In the summer of 1842 Brewster took his wife to Leamington, to try the advice of the great “magician of the Learn,” Dr. Jephson, for her long failing health. That remarkable man and the Scotish philosopher were mutually attracted, and they enjoyed frequent and genial intercourse. Leaving the recruiting invalid under his kind care and that of other friends, Sir Dayid took his daughter to the twelfth meeting of the British Association, held at Manchester under the presidency of Lord Francis Egerton. It was pleasant to see the honour and distinction which attended him. “There he is— that’s Brewster!” were constantly recurring whispers, and it was a well-filled hemisphere in which he moved as a star of the first magnitude. One feature of the increasing success of the British Association has ever been the numbers of men of science from other countries who have come especially to attend these great gatherings. Upon this occasion there was a pleasant mingling of all nations, and a few amongst the number were Herschel and Bessel, the representatives of English and Prussian astronomy ; Sir William Rowan Hamilton, Dr. Lloyd, and Professor Maccullagh (whom my father termed “the three leaflets of the Irish shamrock ”); Professor Jacobi, and M. Ehrenberg, his distinguished son-in-law; Whewell, Murchison, Fox Talbot, Sedgwick, Scoresby, General Sabine, and Dr. Dalton, fondly called “the father of science in Manchester.” This venerable man appeared bowed down by age and infirmities, which prevented him from presiding at this meeting, and it was his last appearance at a British Association, but wherever he was seen he excited much interest. Brewster had an especial admiration for him, and a few years after reviewed his memoirs and works, saying of him that “among the great men who have illustrated the passing century, there is no brighter name than that of John Dalton.” The peculiarity of vision which characterised this venerable philosopher, of which little was known for a long time, was called Daltonism before it received its unpronounceable name of Chromatopseudopsis, or, as it is now simply called, Colour-blindness. Dr. Dalton’s inability to distinguish red from other colours was supposed to be the cause of his occasional choice of a costume unusual for any, especially for one like himself, belonging to the sober-habited Society of Friends. When he and Brewster, along with some other men of science, received the honour of D.C.L., during the meeting of the British Association at Oxford in 1832, Dalton was the only one of the group who wore his scarlet robe all through the week, and two years later he attracted general attention by appearing in the same gay colouring at a Court levee. The subject of colour-blindness was one of the many which Brewster took up with vivid interest. Although not the first to bring it before the public, his notices of the subject in Natural Magic and in his Treatise on Optics, drew more attention to it as an interesting and important optical inquiry. Several of his friends besides Dr. Dalton had this imperfection: his old professor, the eminent Dugald Stewart, Mr. Troughton the astronomical instrument-maker, and others. He examined many cases of colour-blindness, gathered fresh facts and anecdotes, both by correspondence and conversation, and wrote an interesting article in the North British on the works of his friends the late Dr. George Wilson and Professor Wartmann of Geneva.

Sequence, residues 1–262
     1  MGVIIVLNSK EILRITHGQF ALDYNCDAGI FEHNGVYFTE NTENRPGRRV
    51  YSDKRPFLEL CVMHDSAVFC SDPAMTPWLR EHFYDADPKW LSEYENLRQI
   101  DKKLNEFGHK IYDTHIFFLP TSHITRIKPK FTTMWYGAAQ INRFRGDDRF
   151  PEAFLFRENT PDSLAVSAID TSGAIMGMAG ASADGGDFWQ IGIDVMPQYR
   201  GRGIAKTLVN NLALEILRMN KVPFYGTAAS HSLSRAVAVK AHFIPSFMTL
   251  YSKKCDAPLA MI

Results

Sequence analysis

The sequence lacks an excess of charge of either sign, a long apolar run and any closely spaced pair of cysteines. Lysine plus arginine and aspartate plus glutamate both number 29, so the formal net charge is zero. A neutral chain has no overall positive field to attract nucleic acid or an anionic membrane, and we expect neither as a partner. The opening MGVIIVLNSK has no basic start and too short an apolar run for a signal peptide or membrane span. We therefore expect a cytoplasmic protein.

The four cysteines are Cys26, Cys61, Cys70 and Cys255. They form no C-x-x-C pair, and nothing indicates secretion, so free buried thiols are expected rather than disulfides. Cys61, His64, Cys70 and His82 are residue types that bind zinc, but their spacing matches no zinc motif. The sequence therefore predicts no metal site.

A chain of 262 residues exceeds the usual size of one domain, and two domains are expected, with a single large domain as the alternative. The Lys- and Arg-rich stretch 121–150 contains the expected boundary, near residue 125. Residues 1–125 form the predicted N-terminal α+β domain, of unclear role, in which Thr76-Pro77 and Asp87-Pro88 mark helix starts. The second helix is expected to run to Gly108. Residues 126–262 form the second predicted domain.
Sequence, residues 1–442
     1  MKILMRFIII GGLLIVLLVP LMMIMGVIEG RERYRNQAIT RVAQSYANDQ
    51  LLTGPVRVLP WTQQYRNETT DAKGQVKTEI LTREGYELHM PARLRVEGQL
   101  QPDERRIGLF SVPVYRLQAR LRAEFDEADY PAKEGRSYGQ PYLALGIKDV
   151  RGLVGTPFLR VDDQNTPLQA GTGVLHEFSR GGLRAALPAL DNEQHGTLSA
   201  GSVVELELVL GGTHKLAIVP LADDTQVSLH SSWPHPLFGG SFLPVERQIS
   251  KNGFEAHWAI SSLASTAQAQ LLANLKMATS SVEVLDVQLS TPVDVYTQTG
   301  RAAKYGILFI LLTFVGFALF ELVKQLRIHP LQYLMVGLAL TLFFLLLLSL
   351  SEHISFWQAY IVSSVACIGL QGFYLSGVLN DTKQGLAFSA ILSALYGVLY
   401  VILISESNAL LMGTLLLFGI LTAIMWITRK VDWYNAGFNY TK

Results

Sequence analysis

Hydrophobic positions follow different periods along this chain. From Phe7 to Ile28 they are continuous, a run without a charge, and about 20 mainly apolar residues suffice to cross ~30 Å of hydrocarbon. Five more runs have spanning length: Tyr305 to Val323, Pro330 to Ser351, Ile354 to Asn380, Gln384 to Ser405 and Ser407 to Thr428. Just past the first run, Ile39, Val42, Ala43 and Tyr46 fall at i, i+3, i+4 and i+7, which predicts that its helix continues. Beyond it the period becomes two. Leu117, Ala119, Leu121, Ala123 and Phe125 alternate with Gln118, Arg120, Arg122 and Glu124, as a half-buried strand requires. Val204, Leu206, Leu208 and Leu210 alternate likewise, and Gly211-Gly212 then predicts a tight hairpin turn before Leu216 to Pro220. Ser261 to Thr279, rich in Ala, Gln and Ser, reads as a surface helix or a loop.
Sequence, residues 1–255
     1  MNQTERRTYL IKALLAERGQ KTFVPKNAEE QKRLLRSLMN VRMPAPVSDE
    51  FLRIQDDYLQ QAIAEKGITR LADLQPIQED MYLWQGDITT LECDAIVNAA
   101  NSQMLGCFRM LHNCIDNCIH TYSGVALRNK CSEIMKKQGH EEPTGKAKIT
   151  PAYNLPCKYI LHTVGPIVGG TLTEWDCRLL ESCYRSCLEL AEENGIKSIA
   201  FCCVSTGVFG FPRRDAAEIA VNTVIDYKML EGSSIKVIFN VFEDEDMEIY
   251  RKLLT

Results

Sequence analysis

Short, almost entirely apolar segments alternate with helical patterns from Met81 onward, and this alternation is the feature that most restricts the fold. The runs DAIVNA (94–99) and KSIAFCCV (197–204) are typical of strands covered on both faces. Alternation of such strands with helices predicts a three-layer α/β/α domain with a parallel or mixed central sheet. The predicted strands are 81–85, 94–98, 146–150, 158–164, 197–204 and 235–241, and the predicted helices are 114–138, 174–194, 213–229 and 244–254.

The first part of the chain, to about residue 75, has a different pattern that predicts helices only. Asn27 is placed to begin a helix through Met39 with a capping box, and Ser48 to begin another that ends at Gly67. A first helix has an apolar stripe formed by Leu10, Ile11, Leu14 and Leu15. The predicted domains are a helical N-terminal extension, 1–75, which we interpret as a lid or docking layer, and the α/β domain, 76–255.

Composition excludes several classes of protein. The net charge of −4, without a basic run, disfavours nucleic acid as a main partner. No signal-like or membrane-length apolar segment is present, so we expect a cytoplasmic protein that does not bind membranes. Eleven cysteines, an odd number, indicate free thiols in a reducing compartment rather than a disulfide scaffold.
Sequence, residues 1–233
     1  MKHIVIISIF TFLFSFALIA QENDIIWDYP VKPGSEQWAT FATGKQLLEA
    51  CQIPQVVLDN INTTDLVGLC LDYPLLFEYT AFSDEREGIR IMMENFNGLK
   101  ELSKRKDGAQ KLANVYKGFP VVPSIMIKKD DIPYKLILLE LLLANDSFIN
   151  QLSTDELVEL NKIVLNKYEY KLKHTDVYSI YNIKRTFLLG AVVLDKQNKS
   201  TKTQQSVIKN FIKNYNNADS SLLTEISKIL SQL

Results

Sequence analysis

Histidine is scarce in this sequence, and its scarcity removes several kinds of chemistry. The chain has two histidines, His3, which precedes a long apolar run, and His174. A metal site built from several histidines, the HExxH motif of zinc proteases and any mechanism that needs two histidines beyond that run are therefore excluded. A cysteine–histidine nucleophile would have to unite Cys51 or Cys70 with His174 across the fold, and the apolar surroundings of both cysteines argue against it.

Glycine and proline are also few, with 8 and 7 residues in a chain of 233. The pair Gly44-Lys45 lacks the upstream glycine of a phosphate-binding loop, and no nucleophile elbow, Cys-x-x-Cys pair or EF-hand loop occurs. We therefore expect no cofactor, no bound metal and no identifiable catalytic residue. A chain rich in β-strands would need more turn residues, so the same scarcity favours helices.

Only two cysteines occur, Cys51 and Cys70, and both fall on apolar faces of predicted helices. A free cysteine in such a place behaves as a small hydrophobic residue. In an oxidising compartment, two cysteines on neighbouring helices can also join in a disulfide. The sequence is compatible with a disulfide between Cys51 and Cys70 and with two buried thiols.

From Manchester we went to Cambridge for another brilliant week, living in the rooms of Professor Potter, which, being vacation time, he kindly vacated for our use in Queen’s College, once an old Carthusian convent. It was the occasion of the installation of the Duke of Northumberland as Chancellor of the University, and to nearly all the celebrated names which had assembled at Manchester, were added Lord Rosse, Monckton Milnes the poet (Lord Houghton), Buckland, Sir Mark Brunei, Hallam the historian, the Duke of Wellington, and many others ; the conferring of degrees by the new Chancellor upon all the eminent men, who had not already received them, was part of the interest of the occasion. Many memorable gatherings in Senate Hall, Colleges and Gardens, took place, but best remembered of all is the fine statue of Sir Isaac Newton, seen for the first time by moonlight, with his biographer and loving disciple, amidst the solemn beauty of Trinity College Chapel. From thence we went to the Deanery of Ely for some days, to visit Dr. Peacock. Our travelling companions were Dr. Buckland, famous for wit as well as geology, and Professor Maccullagh, one of the most brilliant mathematicians of his day, and of a truly reverent and Christian mind, although, like Buckland’s, not very long after that happy visit, it completely gave way.